The Rite (Blu-ray Review)

All movies related to exorcisms will undoubtedly have to answer to one question – was it as good as the Exorcist?  In this case, the answer is definitely no, but it’s not a complete waste of time either.  I’m glad I got the chance to watch it and I enjoyed the film.  I really liked the overall feel and atmosphere of the movie.  It was serious, dark, Catholic, and it’s set in Rome.  As a Catholic myself, I find all things Roman Catholic to be solemn and to be respected.  Maybe that’s why I’m willing to buy into this film more than many other reviewers might.  As a Catholic child I was often told that movies related to exorcism were not to be watched as it would make a person more susceptible to possession.  It’s possible that the lingering fears from an admittedly lapsed Catholic have me thinking this film is creepy even before it starts.


As The Rite begins, we are reminded that it is inspired by a true story.  I feel like far too many movies these days proclaim that they are inspired by true events which usually isn’t the case anymore as the events described have been modified so much that they no longer resemble what actually happened.

The Rite follows Michael Kovak (Colin O’Donoghue) as he chooses between the two family careers paths – mortician or priest.  He decides that being in the mortuary business like his father (Rutger Hauer) isn’t for him and he chooses the priesthood.  From the very beginning Michael points out that he can bail on becoming a priest before his final vows.  Clearly, Michael hasn’t heard the calling that many do.  It seems as though being a Priest will be just a job to him, and it’s one he isn’t sure he believes in.

Michael decides to tender his resignation, but a freak accident and a superior’s threats of turning his scholarship into a student loan lead him to undertake exorcism school.  He heads to Rome where they teach priests to become exorcists and is quickly partnered with Father Lucas Trevant (Anthony Hopkins).  They begin right away since Father Lucas has been working with a young pregnant girl that he believes is possessed although Michael comes to believe that she needs psychological help.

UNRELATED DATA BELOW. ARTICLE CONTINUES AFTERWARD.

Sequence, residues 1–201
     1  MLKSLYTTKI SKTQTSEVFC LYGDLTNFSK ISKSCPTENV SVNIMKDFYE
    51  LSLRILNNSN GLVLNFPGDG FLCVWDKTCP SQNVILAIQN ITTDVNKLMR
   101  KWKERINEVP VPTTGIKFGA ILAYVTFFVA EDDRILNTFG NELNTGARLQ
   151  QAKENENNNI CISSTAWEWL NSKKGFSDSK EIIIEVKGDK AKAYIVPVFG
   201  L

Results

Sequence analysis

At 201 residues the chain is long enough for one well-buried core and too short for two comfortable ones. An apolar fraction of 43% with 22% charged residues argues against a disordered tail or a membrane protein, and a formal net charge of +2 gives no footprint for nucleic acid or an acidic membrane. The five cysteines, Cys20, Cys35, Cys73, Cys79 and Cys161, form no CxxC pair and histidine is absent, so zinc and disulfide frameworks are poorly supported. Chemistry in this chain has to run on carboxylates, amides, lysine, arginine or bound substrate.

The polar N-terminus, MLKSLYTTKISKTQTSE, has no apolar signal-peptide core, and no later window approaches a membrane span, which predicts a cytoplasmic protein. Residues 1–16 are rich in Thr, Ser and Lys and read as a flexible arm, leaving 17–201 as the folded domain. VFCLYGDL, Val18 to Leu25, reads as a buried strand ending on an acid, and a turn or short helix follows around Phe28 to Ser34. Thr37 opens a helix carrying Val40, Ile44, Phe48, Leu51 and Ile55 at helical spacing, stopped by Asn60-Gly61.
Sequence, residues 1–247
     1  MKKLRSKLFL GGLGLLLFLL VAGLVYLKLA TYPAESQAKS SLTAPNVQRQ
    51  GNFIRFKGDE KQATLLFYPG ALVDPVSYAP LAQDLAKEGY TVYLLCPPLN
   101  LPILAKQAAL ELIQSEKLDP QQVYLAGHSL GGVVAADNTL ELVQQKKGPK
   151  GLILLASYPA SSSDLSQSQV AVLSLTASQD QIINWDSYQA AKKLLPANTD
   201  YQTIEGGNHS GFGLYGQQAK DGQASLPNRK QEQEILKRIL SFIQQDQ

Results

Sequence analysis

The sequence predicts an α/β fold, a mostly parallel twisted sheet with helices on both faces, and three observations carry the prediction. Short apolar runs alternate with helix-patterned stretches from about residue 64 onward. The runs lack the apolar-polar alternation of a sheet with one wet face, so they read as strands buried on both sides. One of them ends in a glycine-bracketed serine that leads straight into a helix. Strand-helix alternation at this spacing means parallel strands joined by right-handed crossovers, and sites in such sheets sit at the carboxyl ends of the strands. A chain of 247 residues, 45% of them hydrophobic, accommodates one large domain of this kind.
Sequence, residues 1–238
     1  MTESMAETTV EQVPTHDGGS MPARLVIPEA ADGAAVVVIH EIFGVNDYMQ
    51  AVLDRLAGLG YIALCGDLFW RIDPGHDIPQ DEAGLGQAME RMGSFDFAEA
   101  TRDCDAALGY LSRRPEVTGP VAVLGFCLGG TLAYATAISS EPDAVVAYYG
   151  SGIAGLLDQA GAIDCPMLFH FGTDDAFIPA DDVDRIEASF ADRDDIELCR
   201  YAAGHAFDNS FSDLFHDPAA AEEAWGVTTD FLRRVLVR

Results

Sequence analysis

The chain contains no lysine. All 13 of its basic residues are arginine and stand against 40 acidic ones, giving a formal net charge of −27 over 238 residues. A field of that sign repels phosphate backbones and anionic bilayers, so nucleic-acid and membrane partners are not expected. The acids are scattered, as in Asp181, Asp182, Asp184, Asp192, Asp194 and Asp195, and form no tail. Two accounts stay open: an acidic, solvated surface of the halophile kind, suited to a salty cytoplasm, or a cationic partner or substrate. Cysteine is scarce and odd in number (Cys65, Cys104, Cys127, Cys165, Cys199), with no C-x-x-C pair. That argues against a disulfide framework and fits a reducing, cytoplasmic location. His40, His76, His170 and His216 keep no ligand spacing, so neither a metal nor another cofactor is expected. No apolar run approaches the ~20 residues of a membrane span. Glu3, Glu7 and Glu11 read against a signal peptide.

The Rite’s biggest problem is the script.  It’s poorly written and extremely predictable.  It tries to get into too much detail with too many of the characters.  Then it misses the important details – like the exorcism itself.  I didn’t need to know why the writer working on the story cares about exorcisms.  I did need to know how the exorcism ritual works and why, for example, they keep asking the demons name.  The screenwriter also glosses over why you must absolve everyone in the room of the exorcism itself and how the demon can jump from person to person.

As expected, Anthony Hopkins is by far the best actor in the film.  The filmmakers are extremely lucky he signed on to this project.  With the script lacking as it was, Hopkins didn’t have much to work with but he saved the film anyway.  The creepy, CGI demon effects are good but some of the physical body contortion (for lack of a better term) effects make me think they are trying too hard to copy The Exorcist. Father Lucas even jokes saying what did you expect –pea soup?   I am unsure whether the CGI would have been necessary if the script was better.